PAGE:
Sunday, March 22, 2009

Lower-Crossed Syndrome (LCS)

Change in movement pattern:

The muscles can often serve as “windows” to the function of the CNS. The CNS regulates 2 muscle groups: The tonic muscle group and the phasic muscle group. These muscle groups oppose each other in function. The tonic muscle group functions as a facilitator, the phasic muscle groups inhibition. Pain, pathology or adaptive changes in the system result in compensations or adaptations that lead to systemic and predictable patterns of muscle imbalance. “Altered movement pattern” is a movement pattern in which a change occurs in the coordination of the muscle firing sequences for a specific group of muscles, facilitating a specific joint movement. The primary muscle responsible for specific joint movement may become weak and inhibited, causing a synergistic muscle/muscles to become hyperactive. As a result, a different sequence of muscular contractions occurs. This is a sign of muscle imbalance in the body because of muscular dysfunction.
When any component of the kinetic chain is not working properly (tight or long muscles, reciprocally-inhibited muscles, adhesions, joint dysfunction), neuromuscular control is altered. This results in chronic pain and disability.

What is LCS?
The lower kinetic chain is one of two basic parts of the musculoskeletal system that are controlled and innervated through the CNS.
Lower-crossed syndrome is a postural distortion syndrome affecting the lower kinetic chain (lumbopelvic hip complex, knee, and ankle). Because the structural integrity of the lower kinetic chain is compromised in lower cross syndrome, abnormal distorting forces result on all structures within the kinetic chain. In lower-Crossed syndrome the pattern of muscle imbalances often leads to changes in movement patterns with hip extension, hip abduction and trunk flexion. This alteration may be observed with the patient sitting, standing, or walking. In lower-crossed syndrome the patient usually presents with anterior pelvic tilt, increased lumbar lordosis (swayback), and weak abdominals muscles. These patients usually experience chronic low back pain, piriformis syndrome and anterior knee pain.
The predictable pattern of muscle imbalances most often include the following:
Tight/Faciliated: Iliopsoas, Rectus Femoris, TFL, Adductor Group, Errector Spinae, Gastrocnemius, Soleus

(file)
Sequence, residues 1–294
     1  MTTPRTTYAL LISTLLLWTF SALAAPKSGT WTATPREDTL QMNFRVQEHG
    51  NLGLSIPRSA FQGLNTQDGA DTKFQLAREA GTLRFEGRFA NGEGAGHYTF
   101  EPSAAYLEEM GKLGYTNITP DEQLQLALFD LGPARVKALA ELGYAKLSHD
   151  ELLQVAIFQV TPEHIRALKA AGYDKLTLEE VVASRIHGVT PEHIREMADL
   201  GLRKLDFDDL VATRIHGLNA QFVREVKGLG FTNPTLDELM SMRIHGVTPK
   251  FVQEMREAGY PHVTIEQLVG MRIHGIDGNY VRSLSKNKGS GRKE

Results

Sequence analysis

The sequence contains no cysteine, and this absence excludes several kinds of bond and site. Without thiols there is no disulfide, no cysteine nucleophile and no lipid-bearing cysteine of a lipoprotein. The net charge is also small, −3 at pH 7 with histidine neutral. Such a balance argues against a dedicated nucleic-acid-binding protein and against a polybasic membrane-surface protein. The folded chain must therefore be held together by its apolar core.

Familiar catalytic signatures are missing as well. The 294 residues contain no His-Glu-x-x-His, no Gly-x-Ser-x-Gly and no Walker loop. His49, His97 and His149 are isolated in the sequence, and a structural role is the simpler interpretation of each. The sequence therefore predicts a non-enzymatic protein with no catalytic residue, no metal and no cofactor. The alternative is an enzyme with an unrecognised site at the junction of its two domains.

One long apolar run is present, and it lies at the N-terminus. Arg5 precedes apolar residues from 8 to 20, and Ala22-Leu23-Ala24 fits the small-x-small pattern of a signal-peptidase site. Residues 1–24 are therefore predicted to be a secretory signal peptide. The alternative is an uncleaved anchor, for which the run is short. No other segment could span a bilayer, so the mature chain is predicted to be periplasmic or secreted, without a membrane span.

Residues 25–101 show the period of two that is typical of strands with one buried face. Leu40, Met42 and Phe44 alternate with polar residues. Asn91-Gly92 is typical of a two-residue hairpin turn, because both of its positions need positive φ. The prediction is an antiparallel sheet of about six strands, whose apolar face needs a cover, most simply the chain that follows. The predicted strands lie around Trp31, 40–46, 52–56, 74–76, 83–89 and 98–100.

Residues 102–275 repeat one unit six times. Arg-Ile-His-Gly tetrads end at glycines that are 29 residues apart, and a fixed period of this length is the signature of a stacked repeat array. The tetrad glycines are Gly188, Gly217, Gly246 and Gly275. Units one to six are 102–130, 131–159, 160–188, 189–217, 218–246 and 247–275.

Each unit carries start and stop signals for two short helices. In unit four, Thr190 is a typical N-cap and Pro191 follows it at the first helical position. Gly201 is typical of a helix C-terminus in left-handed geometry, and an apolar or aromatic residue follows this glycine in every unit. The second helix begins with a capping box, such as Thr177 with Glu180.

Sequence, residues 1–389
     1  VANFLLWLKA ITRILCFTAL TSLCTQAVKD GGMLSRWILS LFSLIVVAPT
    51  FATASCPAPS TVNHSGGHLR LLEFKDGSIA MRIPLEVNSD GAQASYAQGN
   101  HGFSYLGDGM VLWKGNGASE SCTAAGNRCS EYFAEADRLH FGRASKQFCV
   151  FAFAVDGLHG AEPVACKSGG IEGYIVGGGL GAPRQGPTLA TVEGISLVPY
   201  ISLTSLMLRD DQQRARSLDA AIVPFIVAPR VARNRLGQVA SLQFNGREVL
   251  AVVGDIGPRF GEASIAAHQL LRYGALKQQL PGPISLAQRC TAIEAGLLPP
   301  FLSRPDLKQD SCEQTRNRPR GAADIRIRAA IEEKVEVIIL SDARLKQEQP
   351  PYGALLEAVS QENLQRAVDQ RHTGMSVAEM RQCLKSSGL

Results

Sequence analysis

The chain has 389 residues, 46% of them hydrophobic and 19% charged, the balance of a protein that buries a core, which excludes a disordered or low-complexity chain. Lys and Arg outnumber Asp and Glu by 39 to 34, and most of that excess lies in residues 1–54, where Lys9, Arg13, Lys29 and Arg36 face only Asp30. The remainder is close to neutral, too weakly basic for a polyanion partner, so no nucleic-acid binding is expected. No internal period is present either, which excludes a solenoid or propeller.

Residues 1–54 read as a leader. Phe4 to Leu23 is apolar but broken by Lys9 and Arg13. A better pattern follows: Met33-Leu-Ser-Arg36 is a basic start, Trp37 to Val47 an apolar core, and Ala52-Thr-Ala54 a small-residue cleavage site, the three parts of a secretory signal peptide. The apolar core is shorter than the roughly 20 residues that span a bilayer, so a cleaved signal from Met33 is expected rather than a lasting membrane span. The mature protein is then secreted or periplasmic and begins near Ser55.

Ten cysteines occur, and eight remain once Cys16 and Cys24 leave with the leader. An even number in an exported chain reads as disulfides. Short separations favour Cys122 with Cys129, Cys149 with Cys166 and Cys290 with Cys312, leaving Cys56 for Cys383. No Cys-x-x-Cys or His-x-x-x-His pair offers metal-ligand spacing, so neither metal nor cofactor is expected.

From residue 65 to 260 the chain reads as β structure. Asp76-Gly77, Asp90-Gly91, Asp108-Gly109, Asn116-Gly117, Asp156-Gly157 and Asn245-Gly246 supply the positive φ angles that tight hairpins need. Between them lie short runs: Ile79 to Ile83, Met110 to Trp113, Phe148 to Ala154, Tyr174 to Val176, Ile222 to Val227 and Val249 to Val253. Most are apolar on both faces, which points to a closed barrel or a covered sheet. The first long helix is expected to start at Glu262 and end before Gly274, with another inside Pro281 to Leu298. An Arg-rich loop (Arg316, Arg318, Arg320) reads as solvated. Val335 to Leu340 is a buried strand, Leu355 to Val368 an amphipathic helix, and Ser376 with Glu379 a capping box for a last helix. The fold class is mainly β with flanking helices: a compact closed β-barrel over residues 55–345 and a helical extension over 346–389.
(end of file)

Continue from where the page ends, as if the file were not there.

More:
Weak/Inhibited: Rectus Abdominis, Oblique, Gluteus maximus, Gluteus medius, Hamstrings
Because of above said Tight/Faciliated & Weak/Inhibited muscles following things results in: Anterior rotation of pelvis, Increased lumbar lordosis, Hips in flexion, Knees may be hyperextended
Common Injuries that occurs because of changed kinetics: Low back pain, Knee pain, Hamstring strains etc.
Other consequences of this syndrome are seen in anterior tilt of the pelvis and flexion of the hip that exaggerates the lumbar curve. L5-S1 may have soft-tissue and joint stress with pain and discomfort. This progresses to instability of the sacroiliac joints and piriformis, and knee involvement.
What causes LCS?
Lower-cross syndrome may develop from a number of scenarios such as chronic, repetitive actions such as running. Inaction may also have a negative impact on the body’s mechanics, such as immobilization, disuse, or chronic postural stress such as sitting for long periods of time or poor workstation posture. Sports injuries or injuries that never healed properly can lead to pathology. Pain, pathology, or adaptive changes can lead to patterns of muscle imbalance that can lead to a situation of lower-cross syndrome.
Focus points of physical assessment in LCS:

1. Postural assessment
2. Global Assessment
3. Normal Firing Pattern of the Pelvis
4. Thomas Test
5. Forward Bending Test
6. Gluteus Maximus Strength Test
7. Psoas Major Strength Test
8. Erector Spinae
9. Transverse Abdominal Muscle
10. Rectus Femoris
Focus points of treatment in LCS:
A. Stretch

1. Hamstrings
2. Hip Flexors
3. Erector Spinae
4. Gluteus Maximus
B. Strengthen

1. Hamstrings
2. Transverse Abdominals
3. Gluteus Maximus
4. Hip Flexors
5. Erector Spinae

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